People around the world associate New Orleans with jazz music, spicy Cajun cooking, its strange dialect, and of course, Mardi Gras. What would a trip to the Big Easy be without watching a "Krewe" parade down St. Charles Avenue and a walk (or maybe a stumble) down Bourbon Street the night of Fat Tuesday, all the while being surrounded by more people adorned with purple, yellow, and green trinkets around their necks than you have ever seen at one time?
Along the parade routes, people are packed like sardines with their eyes fixed on the revelers atop the floats. But what are they all waiting for? It's that waterfall of plastic beads flying from almost every direction. And upon snatching as many of the trivial necklaces out of the air as possible, they leave the French Quarter with enough strands around their neck to rival Mr. T on his best day. It may sound like a party tonight...but it's still plastic tomorrow. And a lot of it does get left behind to affect the community long-term.
Over the month and a half stretch that is Carnival leading up to Fat Tuesday, a massive cleanup begins every morning where hundreds of tons of plastic beads and other single-use plastics are collected. But that's just part of the story, and we'll come back to that later to see what's being done about it.
The real story begins halfway around the world in locations like the Middle East and China long before the music plays, the food sizzles, and the drinks begin to flow. You see, the beads' lifecycle begins as petroleum that's sucked from dry desert landscapes and turned into polyethylene and polystyrene plastics, which in turn are shipped to Chinese factories to be processed into the final end products. With very few regulations for safety, workers rights, and what chemicals actually make up the final product, what we see down on the Bayou has a much darker side.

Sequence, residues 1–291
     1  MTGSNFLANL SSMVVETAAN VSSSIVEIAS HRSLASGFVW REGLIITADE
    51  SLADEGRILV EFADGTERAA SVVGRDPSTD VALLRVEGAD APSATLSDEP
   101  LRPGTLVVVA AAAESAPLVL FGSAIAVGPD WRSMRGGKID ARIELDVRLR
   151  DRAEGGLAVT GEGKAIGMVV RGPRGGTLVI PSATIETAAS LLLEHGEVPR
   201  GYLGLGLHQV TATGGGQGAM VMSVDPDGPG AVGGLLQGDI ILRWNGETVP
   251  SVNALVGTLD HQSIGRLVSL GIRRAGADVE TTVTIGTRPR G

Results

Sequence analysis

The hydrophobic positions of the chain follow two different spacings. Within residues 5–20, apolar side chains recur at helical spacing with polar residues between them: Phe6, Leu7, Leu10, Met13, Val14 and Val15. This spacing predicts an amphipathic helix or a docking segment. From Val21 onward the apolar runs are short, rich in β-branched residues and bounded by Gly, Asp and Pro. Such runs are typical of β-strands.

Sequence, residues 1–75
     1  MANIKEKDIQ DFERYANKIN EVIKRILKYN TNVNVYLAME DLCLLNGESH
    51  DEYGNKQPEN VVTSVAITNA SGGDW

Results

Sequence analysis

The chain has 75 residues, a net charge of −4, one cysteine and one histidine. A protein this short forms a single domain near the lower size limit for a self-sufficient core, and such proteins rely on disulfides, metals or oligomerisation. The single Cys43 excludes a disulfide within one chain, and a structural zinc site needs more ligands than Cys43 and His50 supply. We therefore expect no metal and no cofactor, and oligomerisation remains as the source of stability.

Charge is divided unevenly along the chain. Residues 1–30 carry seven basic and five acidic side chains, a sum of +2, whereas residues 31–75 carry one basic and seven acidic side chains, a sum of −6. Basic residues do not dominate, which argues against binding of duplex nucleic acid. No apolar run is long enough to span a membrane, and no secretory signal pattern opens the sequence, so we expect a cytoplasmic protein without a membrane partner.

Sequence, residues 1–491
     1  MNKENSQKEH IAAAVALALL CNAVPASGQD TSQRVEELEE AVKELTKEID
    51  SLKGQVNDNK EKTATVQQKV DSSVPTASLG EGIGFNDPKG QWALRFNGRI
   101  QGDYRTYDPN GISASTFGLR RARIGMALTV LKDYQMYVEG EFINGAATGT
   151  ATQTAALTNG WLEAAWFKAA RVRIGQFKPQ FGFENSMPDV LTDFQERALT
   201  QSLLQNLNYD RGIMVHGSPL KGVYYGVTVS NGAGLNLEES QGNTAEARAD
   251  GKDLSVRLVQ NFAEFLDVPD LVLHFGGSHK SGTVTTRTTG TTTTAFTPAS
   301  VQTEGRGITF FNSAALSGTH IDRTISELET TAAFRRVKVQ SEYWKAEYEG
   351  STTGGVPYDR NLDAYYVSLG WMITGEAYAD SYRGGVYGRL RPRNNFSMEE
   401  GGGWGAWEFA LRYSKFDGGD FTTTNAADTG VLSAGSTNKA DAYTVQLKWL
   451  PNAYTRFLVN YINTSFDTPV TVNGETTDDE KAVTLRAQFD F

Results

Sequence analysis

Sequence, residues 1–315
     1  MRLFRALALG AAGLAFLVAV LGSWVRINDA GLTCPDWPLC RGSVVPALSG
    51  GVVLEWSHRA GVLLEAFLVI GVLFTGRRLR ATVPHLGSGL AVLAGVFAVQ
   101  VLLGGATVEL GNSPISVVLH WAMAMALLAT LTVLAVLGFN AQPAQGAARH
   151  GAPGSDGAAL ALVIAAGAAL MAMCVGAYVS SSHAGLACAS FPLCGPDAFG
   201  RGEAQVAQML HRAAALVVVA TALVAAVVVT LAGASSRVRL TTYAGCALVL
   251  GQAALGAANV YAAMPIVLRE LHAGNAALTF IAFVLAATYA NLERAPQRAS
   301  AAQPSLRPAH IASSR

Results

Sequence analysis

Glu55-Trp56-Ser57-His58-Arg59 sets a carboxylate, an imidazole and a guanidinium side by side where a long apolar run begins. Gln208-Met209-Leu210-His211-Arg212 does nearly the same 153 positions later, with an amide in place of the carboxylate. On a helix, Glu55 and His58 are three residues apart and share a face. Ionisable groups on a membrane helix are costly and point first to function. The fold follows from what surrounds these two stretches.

Many of these factories use underage teenagers, particularly women, who work long hours in highly-repetitive jobs pulling, cutting, attaching, and preparing the necklaces for shipment to the US. With particular attention paid to daily quotas, workers are either fined or given bonuses for their production. Each year, the US imports tens of millions of pounds of these beads from China and about 75% of them go to Louisiana. That is an astounding amount of plastic and up to 25 million pounds of it are dumped on the streets of New Orleans every year. This highly-intriguing video, from Mardi Gras - Made in China, blows the top off of the entire process and it's definitely worth the watch.
What's even more worrisome is the impact these beads are having on the local environment. Not only do they make their way into the muddy waterways surrounding New Orleans where they may last forever in the sediment, but there are studies that have shown the majority of the lead content in the city resides alongside the parade routes. Amounts that can reach an astonishing 4,000 pounds of lead contamination hit the streets each Carnival season. Other studies have detected toxic levels of other chemicals including bromine, arsenic, chromium, mercury, and chlorine just to name a few.